National Wetland Conservation Programme (NWCP)
The Government opertionalized National Wetland Conservation Programme (NWCP) in closed collaboration with concerned State Government during the year 1986. Under the programme 115 wetlands have been identified till now by the Ministry of Environment and Forests which requires urgent conservation and management initiatives. The aim of this Scheme is Conservation and wise use of wetlands in the country so as to prevent their further degradation. The scheme was initiated to lay down policy guidelines for conservation and management of wetlands in the country; to undertake intensive conservation measures in priority wetlands; to monitor implementation of the programme and to prepare an inventory of Indian wetlands.
Wetlands conservation in India is indirectly influenced by an array of policy and legislative measures. Some of the key legislations are the Indian Fisheries Act, 1857, the Indian Forest Act, 1927, Wildlife (Protection) Act, 1972, Water (Prevention and Control of Pol1ution) Act, 1974, Territorial Water, Continental Shelf, Exclusive Economic Zone and other, Marine Zones Act, 1976, Water (Prevention and Control of Pollution) Act, 1977, Maritime Zone of India.(Regulation and fishing by foreign vessels) Act 1980, Forest (Conservation Act), 1980, Environmental (Protection) Act, 1986, Coastal Zone Regulation Notification, 1991, Wildlife (Protection) Amendment Act, 1991, based on UN Convention on Biological diversity 1992, Biological Diversity Act, 2002 was enacted. National Conservation Strategy and Policy Statement on Environment and Development, 1992, National Policy and Macro level Action Strategy on Biodiversity, 1999 are also formulated by Government.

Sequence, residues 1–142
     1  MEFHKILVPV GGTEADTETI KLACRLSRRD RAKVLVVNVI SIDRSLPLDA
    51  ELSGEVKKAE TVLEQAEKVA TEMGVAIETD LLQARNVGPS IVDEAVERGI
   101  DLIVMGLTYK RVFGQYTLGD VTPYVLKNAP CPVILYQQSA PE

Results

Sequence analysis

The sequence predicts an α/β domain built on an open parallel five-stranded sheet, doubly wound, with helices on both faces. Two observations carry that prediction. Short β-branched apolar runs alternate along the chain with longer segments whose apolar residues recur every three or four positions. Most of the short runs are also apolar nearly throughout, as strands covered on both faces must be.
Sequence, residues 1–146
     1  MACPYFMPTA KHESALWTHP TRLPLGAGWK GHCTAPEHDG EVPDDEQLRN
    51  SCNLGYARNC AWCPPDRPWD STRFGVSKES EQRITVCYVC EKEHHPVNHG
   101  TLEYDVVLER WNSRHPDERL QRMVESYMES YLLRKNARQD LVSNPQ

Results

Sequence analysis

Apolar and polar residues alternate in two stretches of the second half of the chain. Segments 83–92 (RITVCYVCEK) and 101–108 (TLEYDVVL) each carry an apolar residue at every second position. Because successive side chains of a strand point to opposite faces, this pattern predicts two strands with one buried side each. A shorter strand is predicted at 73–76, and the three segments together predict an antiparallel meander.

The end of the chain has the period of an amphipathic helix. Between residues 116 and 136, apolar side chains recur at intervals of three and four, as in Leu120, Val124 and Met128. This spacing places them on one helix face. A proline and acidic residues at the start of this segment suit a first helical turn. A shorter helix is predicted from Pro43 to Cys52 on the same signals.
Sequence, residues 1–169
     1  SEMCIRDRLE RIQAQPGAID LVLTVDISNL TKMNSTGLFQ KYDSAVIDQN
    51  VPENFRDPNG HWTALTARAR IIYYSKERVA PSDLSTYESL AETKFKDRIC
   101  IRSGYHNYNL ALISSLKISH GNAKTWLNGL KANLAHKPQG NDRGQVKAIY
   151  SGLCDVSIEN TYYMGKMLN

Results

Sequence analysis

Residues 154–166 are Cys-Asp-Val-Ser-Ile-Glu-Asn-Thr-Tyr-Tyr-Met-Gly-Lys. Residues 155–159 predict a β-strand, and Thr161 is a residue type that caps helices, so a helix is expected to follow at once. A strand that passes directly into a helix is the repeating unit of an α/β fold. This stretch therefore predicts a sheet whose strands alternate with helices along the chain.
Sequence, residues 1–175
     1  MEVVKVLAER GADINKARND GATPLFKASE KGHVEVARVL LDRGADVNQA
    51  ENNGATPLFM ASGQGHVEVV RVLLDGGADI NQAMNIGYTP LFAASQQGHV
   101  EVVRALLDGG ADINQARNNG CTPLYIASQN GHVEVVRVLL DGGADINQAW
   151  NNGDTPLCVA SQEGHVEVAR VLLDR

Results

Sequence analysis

Wetland Management and Sustainable Development
Wetlands are not delineated under any specific administrative jurisdiction. The primary responsibility for the management of these ecosystems is in the hands of the Ministry of Environment and Forests. Although some wetlands are protected after the formulation of the Wildlife Protection Act, effective coordination between the different ministries, energy, industry, fisheries, revenue, agriculture, transport and water resources, is essential for the protection of these ecosystems. Environmental management for sustainable utilization is the prime need of the hour. Industrial development with respect to automobiles, chemicals, fertilizers, insecticides, etc., are coming up very fast in India and due to various reasons these are often held responsible for environmental damage. Lack of environmentally educated society, inefficient management, weak law enforcement, corporate greed to earn more profit with less investment can also lead to chemical accidents and causing imbalance in sustainable development.